Bradley Davies is put through his paces at training in Taupo.
One player giving it everything at Wales's Rugby World Cup training base is Cardiff Blues second row Bradley Davies.
I still believe in my ability and I know I can offer a lot of things other locks can't
The big lock has been one of Warren Gatland's go-to men since making his international bow in 2010. But his presence in the heart of the Wales engine room is no longer guaranteed. And it's not because he has lost form but because Dragons lighthouse tower Luke Charteris's form has reached unprecedented heights.
Last week Gatland declared Charteris was currently the best lock in the Wales team and thoroughly deserved his starting spot against South Africa. Charteris repaid the faith shown in him by producing his best display in a Welsh shirt.
Now Davies is in unknown territory - on the outside looking in but he is determined to haul himself back up to the forefront of Gatland's mind when it comes to team selection.
"Obviously, I was bit gutted not to be starting against South Africa, but it is one of those things," admitted Davies. "Rugby is like that - it's swings and roundabouts.
"One day you are the first choice and you are playing well, but the next day you are out. But I still believe in my ability and I know I can offer a lot of things other locks can't.
"But, look, Luke and Alun were outstanding at the weekend, and I respect them for that. Whoever gets the lucky seat, as they say, whoever starts knows they have got another second-row pushing.
"For me now, it's about training well and putting pressure on Luke and Alun. We are a good group of guys, us three. We talk a lot about the game and we bounce off each other.
"We are all supportive of whoever gets the start. I am probably not quite in favour at the moment, but I have got to keep working hard and push my way back in."
Wales slipped up 17-16 last Sunday against South Africa in their opening Pool D clash of the World Cup. Everyone in the Welsh camp is fully aware they can't afford a similar fate against Samoa this weekend.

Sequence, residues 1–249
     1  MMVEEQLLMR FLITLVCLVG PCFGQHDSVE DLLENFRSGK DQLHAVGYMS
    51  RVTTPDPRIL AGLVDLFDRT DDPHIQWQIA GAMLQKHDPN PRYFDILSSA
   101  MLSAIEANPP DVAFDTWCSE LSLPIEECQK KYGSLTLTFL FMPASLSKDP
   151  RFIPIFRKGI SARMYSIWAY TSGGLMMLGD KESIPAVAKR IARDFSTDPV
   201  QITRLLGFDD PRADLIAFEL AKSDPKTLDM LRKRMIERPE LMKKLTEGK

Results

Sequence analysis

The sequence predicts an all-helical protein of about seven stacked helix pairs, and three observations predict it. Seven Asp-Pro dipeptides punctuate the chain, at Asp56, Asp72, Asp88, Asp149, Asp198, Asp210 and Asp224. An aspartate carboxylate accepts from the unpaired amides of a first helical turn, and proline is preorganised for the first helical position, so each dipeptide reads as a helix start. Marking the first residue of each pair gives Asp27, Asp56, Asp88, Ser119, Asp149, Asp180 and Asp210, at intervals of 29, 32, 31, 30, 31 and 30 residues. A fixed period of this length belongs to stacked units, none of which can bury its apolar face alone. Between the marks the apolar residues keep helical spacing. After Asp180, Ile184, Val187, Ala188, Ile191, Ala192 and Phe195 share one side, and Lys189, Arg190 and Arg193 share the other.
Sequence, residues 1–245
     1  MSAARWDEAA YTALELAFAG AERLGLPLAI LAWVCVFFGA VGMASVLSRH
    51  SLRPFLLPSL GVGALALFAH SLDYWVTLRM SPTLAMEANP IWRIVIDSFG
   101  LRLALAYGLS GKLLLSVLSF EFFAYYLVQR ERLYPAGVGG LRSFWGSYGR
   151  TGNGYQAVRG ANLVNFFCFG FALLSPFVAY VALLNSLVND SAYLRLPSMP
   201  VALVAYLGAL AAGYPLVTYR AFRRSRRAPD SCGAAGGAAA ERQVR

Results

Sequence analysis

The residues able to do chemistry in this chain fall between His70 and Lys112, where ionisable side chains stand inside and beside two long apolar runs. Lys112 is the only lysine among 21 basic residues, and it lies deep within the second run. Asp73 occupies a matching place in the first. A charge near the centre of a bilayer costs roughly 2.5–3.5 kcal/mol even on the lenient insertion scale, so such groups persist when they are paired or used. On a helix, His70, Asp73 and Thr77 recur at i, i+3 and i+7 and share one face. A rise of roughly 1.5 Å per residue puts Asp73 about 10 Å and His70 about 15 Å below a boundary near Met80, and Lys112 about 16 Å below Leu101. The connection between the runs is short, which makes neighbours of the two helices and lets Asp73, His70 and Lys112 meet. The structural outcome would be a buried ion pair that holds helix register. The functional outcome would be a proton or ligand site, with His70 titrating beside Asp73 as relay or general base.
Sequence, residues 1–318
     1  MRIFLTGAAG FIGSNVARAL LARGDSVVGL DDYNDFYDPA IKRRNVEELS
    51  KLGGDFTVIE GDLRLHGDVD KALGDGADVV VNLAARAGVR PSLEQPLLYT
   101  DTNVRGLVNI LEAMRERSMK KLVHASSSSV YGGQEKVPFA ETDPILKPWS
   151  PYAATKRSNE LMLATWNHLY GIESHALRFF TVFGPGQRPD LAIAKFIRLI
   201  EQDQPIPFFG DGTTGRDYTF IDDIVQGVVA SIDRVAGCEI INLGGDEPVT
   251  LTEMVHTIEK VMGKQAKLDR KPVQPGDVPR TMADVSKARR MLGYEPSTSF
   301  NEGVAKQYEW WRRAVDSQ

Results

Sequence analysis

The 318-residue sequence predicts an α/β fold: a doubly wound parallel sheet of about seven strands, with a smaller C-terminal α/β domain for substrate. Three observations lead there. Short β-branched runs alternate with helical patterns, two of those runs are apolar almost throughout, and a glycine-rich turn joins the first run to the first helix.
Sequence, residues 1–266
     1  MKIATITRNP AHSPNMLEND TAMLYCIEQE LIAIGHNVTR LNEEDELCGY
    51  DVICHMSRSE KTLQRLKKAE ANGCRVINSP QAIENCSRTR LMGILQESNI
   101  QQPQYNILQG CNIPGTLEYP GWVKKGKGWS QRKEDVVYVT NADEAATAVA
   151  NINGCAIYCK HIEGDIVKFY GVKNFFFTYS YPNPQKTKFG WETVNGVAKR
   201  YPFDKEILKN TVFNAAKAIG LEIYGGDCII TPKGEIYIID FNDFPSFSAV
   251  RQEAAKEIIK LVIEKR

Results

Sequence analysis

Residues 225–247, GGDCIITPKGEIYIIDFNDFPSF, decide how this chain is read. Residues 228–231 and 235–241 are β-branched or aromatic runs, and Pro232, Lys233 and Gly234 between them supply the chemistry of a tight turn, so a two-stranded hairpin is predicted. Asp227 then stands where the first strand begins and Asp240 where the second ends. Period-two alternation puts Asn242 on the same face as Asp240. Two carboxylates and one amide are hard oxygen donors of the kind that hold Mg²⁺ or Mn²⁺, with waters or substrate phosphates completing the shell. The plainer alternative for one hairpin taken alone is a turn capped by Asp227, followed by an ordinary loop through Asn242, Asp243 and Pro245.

"Winning is the next step for us, finishing these games off. We have said it in the past about pushing teams very close but not quite having the win at the end.
"Maybe it's a bit of luck, but once it comes - that big win - I think a lot will follow. Now, it is quite easy, it is knockout rugby. If we don't win every game, we are out.
"Before the tournament, it was 'you can win this game, you can't win that one.' Now we have to win them all.
"That is the pressure we put on ourselves, to try and perform at the highest level. We are sick and tired of being told we can't do things.
The WRU's Women and Girls legacy events - #TRY OUR GAME have proved popular this week with current players and newcomers to the game learning new skills and picking up tips from national squad players.
We caught up with Shona and Ellie from the Wales women team ahead of the start of the Women's Rugby World Cup in Paris next month at a recent women's training session to encourage and promote more women and girls to try their hand at rugby. #tryourgame
The Women's Rugby World Cup warm-up clash between Wales and USA proved bittersweet for centre Elen Evans. Despite being one of the star performers on the day on her 50th Test appearance, USA edged home 10-7 at Cross Keys.
Wales completed their Junior World Championship campaign with a victory over Samoa. Team manager Mark Taylor and No 8 James Benjamin reflect on a tournament which saw Wales win three games and lose two.
Wales U20 players Angus O'Brien, Nicky Thomas and coach Richard Hodges are determined to finish their Junior World Championship with a flourish when they tackle the big hitting Samoans tomorrow in Auckland.